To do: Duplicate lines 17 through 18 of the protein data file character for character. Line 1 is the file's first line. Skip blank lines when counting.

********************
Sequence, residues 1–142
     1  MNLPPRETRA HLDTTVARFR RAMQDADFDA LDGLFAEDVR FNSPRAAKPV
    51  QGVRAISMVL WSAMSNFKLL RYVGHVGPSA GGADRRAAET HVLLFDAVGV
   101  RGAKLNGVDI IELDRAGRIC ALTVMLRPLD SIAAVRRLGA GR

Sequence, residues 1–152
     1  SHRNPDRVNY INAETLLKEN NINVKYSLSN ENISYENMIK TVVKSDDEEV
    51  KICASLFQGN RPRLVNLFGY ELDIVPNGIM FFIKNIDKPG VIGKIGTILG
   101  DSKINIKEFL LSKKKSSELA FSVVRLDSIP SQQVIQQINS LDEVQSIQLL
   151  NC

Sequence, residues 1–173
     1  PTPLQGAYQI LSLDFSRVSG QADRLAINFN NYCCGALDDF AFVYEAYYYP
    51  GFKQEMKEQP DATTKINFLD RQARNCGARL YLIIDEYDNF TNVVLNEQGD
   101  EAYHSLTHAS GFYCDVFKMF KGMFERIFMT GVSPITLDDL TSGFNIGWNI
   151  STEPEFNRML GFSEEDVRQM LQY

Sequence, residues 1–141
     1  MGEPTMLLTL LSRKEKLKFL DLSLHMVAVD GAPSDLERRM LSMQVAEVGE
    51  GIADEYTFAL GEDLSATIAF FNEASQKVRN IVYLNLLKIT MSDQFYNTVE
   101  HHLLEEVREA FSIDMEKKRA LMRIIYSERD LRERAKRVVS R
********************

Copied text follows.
    51  GIADEYTFAL GEDLSATIAF FNEASQKVRN IVYLNLLKIT MSDQFYNTVE
   101  HHLLEEVREA FSIDMEKKRA LMRIIYSERD LRERAKRVVS R